HASH_MULTIBLOCK_IO_COUNT should set to 1 when the amount of data in the smaller table is orders of magnitude larger than available hash memory. This will result in the maximum number of partitions possible, each of which has a higher chance of fitting into memory.

Because Oracle performs I/O in 64 K chunks and DB_BLOCK_SIZE is fixed, HASH_MULTIBLOCK_IO_COUNT can be varied such that the following holds true:
DB_BLOCK_SIZE HASH_MULTIBLOCK_IO_COUNT 64 K

Using the above formula, HASH_MULTIBLOCK_IO_COUNT can be varied until the optimum value is found giving best performance for a query. If it is not possible to fine-tune individual queries, it is relatively safe to set HASH_MULTIBLOCK_IO_COUNT to a moderate value, such as 4 or 8, for DB_BLOCK_SIZE = 4K. An inappropriate hash function can lead to excessive collisions in the hash table, and, to partitions of uneven sizes. In [3] the worst case, all key values fall into a single partition and one complete iteration is wasted . It might also be the case that fan-out yields too many or too few partitions. In these cases, a different setting for HASH_MULTIBLOCK_IO_COUNT may help. Note that having skew in partitions is not necessarily bad, as long as the smallest of the two partition pairs is small enough relative to available memory. It does not matter which of the tables is smaller, because of dynamic role reversal. Furthermore, data skew may have little effect when a large number of rows are eliminated through bitvector filtering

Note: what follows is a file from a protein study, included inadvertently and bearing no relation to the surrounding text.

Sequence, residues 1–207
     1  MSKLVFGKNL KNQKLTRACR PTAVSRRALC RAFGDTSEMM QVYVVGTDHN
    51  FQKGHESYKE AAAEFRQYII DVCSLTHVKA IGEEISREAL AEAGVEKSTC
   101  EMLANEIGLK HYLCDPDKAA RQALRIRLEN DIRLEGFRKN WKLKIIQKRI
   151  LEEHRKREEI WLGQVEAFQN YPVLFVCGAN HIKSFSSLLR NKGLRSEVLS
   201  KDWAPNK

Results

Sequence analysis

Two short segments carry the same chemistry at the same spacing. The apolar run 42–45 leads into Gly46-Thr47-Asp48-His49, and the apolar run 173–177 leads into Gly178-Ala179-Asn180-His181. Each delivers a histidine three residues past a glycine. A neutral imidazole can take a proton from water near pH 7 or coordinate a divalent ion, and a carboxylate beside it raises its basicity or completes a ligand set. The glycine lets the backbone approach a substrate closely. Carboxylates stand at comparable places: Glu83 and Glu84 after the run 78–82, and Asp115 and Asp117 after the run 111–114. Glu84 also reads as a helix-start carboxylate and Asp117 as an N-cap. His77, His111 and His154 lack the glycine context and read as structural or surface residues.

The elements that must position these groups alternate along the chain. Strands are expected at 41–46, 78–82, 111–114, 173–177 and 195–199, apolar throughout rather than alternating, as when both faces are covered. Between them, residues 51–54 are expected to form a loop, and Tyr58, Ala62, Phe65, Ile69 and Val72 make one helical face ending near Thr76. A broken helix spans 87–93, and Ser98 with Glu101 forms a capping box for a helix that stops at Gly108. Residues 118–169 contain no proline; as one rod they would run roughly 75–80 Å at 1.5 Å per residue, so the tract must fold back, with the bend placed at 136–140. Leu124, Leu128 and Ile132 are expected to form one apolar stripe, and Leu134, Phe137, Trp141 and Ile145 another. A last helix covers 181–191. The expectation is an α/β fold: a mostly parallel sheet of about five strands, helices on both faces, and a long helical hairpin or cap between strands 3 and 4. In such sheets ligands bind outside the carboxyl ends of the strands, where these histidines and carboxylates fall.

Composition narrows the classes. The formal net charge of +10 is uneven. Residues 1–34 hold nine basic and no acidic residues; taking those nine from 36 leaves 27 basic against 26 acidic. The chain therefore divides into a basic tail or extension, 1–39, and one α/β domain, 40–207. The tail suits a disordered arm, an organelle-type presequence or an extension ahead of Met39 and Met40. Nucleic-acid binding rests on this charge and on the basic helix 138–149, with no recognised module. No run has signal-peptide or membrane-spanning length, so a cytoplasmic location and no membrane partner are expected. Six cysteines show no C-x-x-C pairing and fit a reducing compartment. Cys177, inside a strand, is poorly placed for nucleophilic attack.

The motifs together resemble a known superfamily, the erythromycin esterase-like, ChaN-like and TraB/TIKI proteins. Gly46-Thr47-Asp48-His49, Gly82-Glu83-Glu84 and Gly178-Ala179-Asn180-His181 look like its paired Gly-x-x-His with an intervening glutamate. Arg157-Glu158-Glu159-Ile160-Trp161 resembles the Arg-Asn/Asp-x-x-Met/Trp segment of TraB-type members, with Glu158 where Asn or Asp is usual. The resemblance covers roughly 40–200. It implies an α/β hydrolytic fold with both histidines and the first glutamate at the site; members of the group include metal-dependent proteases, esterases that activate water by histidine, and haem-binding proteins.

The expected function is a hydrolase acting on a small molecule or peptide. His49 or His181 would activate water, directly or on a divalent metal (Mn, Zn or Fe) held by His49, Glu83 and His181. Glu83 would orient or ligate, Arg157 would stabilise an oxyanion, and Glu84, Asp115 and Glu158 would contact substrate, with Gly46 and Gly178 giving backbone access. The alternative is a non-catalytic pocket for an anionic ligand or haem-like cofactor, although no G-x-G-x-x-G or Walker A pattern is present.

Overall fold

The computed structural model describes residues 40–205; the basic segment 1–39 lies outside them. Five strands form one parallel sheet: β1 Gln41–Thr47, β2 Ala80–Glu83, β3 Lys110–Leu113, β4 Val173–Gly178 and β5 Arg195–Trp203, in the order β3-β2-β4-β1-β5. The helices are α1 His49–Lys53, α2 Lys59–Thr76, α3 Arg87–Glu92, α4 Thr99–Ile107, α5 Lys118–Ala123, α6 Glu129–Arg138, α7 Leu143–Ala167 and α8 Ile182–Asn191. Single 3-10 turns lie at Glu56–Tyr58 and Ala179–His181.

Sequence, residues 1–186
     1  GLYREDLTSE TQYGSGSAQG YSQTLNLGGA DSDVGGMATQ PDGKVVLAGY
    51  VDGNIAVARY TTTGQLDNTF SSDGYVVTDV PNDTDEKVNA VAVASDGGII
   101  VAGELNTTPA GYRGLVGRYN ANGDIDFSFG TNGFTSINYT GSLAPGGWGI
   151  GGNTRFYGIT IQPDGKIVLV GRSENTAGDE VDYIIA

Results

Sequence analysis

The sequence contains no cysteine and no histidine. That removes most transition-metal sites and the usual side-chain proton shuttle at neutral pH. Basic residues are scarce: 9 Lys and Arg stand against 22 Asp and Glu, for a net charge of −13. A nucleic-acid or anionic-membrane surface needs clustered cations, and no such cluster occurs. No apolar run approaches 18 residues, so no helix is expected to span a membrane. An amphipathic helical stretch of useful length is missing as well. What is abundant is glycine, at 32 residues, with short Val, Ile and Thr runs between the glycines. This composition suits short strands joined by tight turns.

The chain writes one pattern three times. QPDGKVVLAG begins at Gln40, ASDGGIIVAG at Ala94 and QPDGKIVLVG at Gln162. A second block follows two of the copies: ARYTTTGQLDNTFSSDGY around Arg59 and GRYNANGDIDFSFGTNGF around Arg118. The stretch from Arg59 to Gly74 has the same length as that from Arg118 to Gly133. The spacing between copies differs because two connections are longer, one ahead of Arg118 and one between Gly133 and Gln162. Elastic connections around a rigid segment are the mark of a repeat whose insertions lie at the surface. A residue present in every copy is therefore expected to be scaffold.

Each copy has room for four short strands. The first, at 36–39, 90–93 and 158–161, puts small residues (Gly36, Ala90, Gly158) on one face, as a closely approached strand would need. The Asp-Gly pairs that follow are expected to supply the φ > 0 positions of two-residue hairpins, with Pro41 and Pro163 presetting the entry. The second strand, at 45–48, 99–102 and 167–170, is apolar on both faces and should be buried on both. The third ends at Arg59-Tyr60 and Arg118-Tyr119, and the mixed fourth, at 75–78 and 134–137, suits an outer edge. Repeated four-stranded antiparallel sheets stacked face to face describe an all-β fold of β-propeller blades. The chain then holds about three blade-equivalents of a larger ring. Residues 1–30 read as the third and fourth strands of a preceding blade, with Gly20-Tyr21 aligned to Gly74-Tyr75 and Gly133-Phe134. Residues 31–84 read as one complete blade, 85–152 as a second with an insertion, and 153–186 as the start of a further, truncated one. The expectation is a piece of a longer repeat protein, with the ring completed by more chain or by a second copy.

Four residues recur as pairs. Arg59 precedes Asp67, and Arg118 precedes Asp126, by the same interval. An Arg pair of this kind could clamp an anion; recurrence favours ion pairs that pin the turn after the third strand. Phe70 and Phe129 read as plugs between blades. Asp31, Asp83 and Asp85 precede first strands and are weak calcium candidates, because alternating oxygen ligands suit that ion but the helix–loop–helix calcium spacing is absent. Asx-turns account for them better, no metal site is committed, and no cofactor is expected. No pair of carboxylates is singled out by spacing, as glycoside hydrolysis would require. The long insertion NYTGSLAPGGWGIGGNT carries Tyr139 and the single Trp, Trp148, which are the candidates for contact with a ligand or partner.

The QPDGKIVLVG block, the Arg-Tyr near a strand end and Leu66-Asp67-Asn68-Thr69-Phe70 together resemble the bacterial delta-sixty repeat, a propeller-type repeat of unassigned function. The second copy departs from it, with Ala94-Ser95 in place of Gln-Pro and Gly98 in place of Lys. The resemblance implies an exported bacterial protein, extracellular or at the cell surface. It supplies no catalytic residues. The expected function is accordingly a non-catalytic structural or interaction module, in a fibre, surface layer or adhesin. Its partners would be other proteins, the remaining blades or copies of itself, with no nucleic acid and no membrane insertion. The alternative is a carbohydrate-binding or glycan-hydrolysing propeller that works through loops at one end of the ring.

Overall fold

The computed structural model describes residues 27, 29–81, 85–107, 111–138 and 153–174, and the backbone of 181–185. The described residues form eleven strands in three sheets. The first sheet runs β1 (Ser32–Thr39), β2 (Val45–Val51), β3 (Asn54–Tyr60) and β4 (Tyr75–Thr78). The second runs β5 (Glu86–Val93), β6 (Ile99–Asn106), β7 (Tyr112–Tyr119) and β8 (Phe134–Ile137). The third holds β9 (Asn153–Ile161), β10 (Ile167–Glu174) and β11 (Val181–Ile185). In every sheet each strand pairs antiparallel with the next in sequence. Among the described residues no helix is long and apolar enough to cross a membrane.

Size of Join Inputs


The hash join algorithm terminates when the smaller of the inputs fits completely in memory, regardless of the size of the probe input. In contrast, when sorting two inputs of a sort merge join, the size of each input sort area size and number of sort runs determines the number of merge levels to be used in the sort. A hash join is the recommended join method when the tables are different sizes and the smaller table is close to the available memory.
[3]

Reliability of Predicting Relative Sizes of Two Join Inputs